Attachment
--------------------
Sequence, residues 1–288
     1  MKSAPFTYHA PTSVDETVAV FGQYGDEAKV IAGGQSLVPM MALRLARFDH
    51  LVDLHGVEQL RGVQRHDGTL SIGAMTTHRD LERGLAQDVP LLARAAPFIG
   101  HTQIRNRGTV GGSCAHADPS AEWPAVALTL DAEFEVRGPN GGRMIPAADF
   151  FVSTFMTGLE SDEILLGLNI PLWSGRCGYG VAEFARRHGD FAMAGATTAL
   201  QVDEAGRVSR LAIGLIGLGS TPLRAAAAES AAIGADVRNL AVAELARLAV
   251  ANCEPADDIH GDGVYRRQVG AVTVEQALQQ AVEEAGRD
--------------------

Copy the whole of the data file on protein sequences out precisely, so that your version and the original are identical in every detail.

Sequence, residues 1–288
     1  MKSAPFTYHA PTSVDETVAV FGQYGDEAKV IAGGQSLVPM MALRLARFDH
    51  LVDLHGVEQL RGVQRHDGTL SIGAMTTHRD LERGLAQDVP LLARAAPFIG
   101  HTQIRNRGTV GGSCAHADPS AEWPAVALTL DAEFEVRGPN GGRMIPAADF
   151  FVSTFMTGLE SDEILLGLNI PLWSGRCGYG VAEFARRHGD FAMAGATTAL
   201  QVDEAGRVSR LAIGLIGLGS TPLRAAAAES AAIGADVRNL AVAELARLAV
   251  ANCEPADDIH GDGVYRRQVG AVTVEQALQQ AVEEAGRD